The Second Session of the 104th Legislature was gaveled into order by Lieutenant Governor Mike Foley at 10:00 a.m. on January 6, 2016. This is the second year of a two-year session so this 60-day session is tentatively scheduled to adjourn in mid-April. Bill introduction will continue through January 20. Public hearings begin on January 19.
I will continue to chair the Education Committee and serve on the Revenue Committee. My staff and I are located in room 1107 which is on the first floor in the west corridor of the State Capitol. Please stop by my office and say hello if you’re in Lincoln, especially over the next four months when the Legislature is in session.
As has been my practice the past seven years, I write a biweekly newsletter during the legislative session. Our area newspapers are kind enough to share the newsletter with you in print form.
The Legislature’s website is updated daily while the Legislature is in session. Information about bills, amendments, fiscal notes, hearing schedules and other legislative business is easily accessible at: www.nebraskalegislature.gov The Unicameral Update is a free weekly publication containing hearing dates, in-depth stories, summaries of debate and other legislative information. The Update is available online. A free printed subscription may be ordered by calling the Unicameral Information Office at (402) 471-2788 or send an email request to firstname.lastname@example.org Subscriptions must be renewed each session.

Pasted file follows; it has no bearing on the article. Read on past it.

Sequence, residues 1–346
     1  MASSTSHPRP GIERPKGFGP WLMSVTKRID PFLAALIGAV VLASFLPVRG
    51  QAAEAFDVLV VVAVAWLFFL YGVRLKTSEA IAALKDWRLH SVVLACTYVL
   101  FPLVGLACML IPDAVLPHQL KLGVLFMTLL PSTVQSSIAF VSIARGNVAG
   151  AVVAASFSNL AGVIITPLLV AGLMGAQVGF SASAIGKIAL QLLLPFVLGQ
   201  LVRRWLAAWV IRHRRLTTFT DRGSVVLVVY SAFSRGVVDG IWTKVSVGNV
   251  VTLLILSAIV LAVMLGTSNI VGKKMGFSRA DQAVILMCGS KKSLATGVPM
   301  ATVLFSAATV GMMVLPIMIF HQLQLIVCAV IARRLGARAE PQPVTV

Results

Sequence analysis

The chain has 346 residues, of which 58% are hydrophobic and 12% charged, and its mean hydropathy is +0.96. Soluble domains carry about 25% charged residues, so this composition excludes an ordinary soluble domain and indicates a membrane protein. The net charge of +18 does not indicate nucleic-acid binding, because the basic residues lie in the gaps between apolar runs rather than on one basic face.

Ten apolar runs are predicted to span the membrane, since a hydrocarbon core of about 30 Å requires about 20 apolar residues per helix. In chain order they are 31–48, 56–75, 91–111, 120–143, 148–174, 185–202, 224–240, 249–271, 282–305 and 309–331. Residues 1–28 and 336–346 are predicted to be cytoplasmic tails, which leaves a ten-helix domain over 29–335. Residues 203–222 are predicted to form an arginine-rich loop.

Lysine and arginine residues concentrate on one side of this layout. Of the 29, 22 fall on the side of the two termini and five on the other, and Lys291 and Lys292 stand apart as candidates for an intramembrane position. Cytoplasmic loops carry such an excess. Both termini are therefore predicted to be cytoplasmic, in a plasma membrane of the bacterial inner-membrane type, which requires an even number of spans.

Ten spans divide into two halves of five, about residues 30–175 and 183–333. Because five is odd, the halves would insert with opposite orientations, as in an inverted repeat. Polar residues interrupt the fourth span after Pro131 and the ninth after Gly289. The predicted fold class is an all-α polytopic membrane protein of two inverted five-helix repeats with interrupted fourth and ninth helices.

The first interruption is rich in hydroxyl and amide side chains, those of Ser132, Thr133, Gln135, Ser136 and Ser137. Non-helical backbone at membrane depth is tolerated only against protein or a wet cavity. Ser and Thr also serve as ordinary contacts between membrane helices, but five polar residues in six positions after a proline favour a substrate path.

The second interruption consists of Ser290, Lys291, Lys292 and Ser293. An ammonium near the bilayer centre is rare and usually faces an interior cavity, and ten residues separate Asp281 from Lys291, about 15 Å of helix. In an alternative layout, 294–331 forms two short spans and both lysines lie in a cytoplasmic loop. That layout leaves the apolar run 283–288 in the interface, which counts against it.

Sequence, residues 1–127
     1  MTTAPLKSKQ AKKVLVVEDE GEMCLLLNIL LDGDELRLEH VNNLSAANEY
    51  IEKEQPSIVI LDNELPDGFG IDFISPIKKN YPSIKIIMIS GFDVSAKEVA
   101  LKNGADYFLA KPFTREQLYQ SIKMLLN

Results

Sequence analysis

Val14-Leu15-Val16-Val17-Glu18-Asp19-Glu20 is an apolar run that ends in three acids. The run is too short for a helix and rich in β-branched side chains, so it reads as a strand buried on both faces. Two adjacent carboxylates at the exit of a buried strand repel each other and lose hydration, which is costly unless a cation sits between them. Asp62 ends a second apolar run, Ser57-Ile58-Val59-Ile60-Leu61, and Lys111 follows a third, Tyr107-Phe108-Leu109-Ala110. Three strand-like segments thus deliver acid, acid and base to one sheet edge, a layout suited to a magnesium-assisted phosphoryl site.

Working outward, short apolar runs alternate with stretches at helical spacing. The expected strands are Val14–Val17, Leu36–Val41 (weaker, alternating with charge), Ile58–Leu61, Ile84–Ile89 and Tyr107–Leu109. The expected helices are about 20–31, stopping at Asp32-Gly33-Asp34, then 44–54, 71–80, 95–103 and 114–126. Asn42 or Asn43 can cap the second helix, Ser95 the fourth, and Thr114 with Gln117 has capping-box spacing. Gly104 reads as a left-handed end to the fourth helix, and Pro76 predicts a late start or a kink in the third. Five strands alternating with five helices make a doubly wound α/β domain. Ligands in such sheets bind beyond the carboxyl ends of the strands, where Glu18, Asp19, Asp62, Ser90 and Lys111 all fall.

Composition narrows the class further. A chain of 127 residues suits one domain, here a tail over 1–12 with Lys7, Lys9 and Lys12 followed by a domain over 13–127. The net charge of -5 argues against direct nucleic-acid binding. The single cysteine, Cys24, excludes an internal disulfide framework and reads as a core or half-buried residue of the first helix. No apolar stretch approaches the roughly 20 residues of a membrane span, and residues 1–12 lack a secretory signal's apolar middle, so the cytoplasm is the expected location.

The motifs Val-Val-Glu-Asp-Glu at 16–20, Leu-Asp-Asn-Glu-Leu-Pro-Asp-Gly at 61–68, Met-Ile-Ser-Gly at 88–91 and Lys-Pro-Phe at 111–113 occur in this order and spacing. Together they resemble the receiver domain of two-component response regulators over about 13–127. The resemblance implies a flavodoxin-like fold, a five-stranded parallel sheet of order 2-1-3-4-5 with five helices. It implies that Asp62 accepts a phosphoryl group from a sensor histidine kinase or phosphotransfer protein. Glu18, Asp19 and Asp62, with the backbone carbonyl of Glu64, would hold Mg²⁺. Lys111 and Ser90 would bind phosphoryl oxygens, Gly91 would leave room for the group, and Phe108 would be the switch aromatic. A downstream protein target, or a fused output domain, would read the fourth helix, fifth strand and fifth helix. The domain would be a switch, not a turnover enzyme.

You may also live stream the Legislature and legislative committee hearings by clicking on the Live Video Streaming link on the legislative website.
Area teachers who may be planning student field trips to the Capitol while the Legislature is in session must schedule tours in advance with the Capitol Tour Office at (402) 471-0448. Please call the tour office as soon as possible to reserve your preferred date and time. Tours can’t be booked through my office nor do I have any influence in changing the Capitol Tour Office’s schedule. I strongly encourage teachers to call early and be flexible on their dates.
If you have questions regarding this newsletter, legislation or state issues, please call my legislative office at (402) 471-2631. You may write to me c/o P.O. Box 94604, Lincoln, NE 68509 or email me at: email@example.com If you write or email, please include your full name and mailing address. I look forward to hearing from you AND working hard for you and the betterment of rural Nebraska in our Nebraska Legislature.
Last September, my staff and I took a whirlwind three-day tour through all nine of the counties in District 41! I hosted town hall gatherings in each county and listened to many comments, suggestions, ideas and concerns from my constituents. We also made a point of stopping and taking a photo of each county courthouse. These photos now hang framed in my legislative office.